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Supported project #6 : ASPAS: for the protection of natural spaces and the creatures that live there

Created in 1980, the goal of APSAS, the Association for the Protection of Wild Animals, is to act in favour of the protection of flora and fauna, the rehabilitation of wild animals and the preservation of natural environments in general. It thus actively works for the protection of plant and animal species as well as the environments and ecosystems on which they depend.

In 2023, ASPAS was provided with €50,000 in funding from the Amis du Festival foundation. These funds were used primarily to support the Vercors Vie Sauvage programme, designed to re-wild the Vercors region by transforming a former hunting enclosure into a vast area where all local wildlife species can freely circulate. The project stretches from 1 January 2023 to 31 December 2024.

© Clément / ASPAS 

Protect, preserve, regenerate


With biodiversity being confronted with an unprecedented crisis and with us having to face a 6th mass extinction, there is an urgency to protect spaces of unoccupied nature, where wildlife can develop in a way that’s sheltered from any destruction and human exploitation. By creating  Réserves de Vie Sauvage® (wildlife reserves) and Havres de Vie Sauvage® (wildlife havens), ASPAS is protecting natural eco-systems over the long term and is allowing for the development of tomorrow’s age-old forests. The goal of these Reserves and Havens scattered over our territory is to make up a network of habitats for the regeneration of wildlife, while benefiting the surrounding environment. 

There are very few truly protected spaces in France, as the charters and regulations governing them tend to prioritize the development and permanence of human activities over real protection for untamed nature. Similarly, logging operations can be practised in all or part of these so-called “protected” spaces. For example, the Réserve des Hauts Plateau du Vercors, the largest reserve in mainland France at 17,000 hectares, is a hunting area where one can hunt, notably, the black grouse. It is with this in mind that ASPAS is working to improve the protection of certain spaces in France and thereby increase the amount of freely evolving areas.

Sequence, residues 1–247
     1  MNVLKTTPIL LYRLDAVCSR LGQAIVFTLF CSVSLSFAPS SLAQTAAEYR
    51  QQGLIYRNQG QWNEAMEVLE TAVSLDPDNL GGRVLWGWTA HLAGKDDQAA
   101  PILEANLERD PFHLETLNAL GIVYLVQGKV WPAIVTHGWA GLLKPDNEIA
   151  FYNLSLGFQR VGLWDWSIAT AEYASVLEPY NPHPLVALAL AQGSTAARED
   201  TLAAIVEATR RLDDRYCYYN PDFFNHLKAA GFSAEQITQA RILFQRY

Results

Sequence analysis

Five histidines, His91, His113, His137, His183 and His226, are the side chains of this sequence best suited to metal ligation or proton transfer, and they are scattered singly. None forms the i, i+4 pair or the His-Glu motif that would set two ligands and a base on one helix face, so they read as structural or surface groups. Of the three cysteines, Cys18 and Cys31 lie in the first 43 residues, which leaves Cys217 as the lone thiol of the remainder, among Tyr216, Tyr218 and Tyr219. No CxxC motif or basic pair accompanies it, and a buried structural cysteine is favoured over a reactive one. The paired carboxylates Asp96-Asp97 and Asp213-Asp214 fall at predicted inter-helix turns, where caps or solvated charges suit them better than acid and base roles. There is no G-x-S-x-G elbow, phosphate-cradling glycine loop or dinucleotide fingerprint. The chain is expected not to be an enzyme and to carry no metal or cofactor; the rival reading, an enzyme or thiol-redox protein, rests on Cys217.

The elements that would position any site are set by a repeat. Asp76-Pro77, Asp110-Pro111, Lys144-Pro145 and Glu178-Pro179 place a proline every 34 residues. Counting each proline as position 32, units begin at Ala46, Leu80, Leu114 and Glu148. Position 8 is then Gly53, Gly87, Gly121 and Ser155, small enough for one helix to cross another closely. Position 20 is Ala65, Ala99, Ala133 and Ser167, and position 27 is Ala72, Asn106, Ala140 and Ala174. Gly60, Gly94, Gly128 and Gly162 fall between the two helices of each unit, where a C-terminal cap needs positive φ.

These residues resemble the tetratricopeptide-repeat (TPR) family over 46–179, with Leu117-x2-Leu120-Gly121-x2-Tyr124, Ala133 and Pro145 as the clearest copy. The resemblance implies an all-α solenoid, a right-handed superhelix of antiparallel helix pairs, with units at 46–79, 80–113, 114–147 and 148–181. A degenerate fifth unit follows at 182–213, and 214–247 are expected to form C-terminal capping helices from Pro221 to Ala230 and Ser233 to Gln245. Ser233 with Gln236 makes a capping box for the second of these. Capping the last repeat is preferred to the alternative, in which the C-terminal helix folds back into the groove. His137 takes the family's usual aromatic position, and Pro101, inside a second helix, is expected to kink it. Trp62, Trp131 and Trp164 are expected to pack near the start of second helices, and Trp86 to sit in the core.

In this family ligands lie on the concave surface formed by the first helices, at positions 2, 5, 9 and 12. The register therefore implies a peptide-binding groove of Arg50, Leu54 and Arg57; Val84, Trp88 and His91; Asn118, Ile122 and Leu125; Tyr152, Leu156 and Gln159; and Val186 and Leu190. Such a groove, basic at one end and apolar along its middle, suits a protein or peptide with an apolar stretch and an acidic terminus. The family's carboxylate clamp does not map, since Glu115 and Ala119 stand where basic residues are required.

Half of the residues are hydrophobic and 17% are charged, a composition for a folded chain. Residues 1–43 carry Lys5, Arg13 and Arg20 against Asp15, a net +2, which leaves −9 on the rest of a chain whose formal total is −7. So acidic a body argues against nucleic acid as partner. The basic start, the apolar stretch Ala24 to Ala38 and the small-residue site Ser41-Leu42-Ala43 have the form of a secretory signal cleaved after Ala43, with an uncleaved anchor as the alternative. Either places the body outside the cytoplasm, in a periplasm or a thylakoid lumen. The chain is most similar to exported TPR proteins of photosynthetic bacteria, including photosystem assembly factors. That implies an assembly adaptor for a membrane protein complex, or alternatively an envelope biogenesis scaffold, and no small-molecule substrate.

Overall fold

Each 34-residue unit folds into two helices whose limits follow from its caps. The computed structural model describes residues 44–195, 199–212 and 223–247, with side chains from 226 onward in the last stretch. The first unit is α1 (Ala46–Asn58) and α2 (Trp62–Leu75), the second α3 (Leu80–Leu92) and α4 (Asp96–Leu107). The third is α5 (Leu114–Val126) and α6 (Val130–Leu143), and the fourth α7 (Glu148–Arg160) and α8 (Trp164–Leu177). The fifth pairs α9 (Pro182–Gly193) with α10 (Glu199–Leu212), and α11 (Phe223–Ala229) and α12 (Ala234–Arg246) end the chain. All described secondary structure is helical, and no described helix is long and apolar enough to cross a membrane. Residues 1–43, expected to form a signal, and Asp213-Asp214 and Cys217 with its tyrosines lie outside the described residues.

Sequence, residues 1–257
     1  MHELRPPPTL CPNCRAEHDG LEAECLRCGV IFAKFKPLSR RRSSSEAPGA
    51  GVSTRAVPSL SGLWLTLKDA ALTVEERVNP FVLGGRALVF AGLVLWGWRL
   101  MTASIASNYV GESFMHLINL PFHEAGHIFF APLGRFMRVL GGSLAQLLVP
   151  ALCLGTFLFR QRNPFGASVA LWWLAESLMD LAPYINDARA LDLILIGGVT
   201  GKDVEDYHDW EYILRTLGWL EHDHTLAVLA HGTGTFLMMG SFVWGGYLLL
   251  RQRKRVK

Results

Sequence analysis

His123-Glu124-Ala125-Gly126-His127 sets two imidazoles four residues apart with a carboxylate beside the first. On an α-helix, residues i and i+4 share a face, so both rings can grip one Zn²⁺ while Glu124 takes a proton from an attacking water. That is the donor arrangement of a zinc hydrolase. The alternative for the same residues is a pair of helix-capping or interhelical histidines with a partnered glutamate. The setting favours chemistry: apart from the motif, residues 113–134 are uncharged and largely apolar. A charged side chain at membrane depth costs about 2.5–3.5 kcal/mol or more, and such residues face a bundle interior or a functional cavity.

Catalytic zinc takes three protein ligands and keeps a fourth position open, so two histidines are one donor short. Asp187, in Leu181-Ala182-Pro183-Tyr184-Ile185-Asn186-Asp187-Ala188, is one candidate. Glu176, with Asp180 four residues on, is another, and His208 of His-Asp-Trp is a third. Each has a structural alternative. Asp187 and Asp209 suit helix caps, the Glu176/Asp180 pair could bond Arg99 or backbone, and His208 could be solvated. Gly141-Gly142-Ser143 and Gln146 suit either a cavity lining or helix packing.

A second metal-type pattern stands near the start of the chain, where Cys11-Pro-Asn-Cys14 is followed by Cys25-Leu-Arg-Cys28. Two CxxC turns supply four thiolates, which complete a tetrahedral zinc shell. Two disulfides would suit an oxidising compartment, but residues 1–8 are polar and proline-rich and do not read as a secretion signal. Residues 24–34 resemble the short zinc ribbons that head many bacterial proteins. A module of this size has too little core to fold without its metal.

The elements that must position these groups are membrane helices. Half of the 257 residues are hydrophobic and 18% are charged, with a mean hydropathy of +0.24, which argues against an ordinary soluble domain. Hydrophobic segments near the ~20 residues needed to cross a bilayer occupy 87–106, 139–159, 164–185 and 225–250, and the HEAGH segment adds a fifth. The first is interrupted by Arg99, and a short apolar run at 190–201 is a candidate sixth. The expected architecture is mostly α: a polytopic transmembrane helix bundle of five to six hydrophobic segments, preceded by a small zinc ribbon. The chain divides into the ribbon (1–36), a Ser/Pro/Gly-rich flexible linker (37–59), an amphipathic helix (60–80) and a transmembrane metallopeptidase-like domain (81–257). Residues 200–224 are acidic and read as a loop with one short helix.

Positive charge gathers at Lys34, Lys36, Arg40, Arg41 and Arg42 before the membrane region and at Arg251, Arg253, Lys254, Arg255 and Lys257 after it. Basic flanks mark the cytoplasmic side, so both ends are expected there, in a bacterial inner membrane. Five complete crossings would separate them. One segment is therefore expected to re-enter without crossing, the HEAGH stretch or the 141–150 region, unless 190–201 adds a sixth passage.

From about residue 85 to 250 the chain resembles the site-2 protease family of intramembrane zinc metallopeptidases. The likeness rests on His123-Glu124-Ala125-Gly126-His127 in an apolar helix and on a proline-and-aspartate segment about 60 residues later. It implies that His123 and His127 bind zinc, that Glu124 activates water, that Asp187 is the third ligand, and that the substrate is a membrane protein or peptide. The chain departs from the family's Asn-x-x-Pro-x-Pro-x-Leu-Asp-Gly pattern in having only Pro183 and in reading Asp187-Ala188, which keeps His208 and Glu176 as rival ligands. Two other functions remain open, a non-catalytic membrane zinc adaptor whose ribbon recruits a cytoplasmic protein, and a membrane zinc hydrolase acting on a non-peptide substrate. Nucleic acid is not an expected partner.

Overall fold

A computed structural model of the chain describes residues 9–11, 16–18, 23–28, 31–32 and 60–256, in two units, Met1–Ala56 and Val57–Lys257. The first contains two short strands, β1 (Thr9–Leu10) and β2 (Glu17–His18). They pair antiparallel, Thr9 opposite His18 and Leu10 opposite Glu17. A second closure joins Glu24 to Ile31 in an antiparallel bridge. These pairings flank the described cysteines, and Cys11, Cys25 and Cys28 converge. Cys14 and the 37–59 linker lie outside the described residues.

© Rémi / ASPAS 

Getting rid of the fencing


Today, the Vercors Vie Sauvage project is at the heart of the non-profit’s activities. With its 490 hectares, it is ASPAS’ largest Réserve de Vie Sauvage®. The site contains two distinct sections, one that is completely free and another that is enclosed. The enclosed area, at 240 hectares, recently was home to a commercial hunting operation. The surrounding non-enclosed area of 250 hectares was also open to hunting before the non-profit purchased this natural space.

To this day, removal of the enclosures is one of ASPAS’ major battles. Although hunting is now forbidden there, this fencing still greatly contributes to the fragmentation of wild animal habitats, limiting their ability to move freely and imperilling the state of the forest given an overpopulation of suid species and deer.

ASPAS will now devote all of its energy to rehabilitating this site to preserve the lives of animals, as well as to tearing down the enclosures. In the near future, this site with its burdensome hunting past will be completely given back to nature. This action that ASPAS is carrying out is a precious asset in the current context. This is the first time in France that a hunting enclosure will be dismantled out of a respect for animal well-being and this experience will be all the more precious in the years to come!


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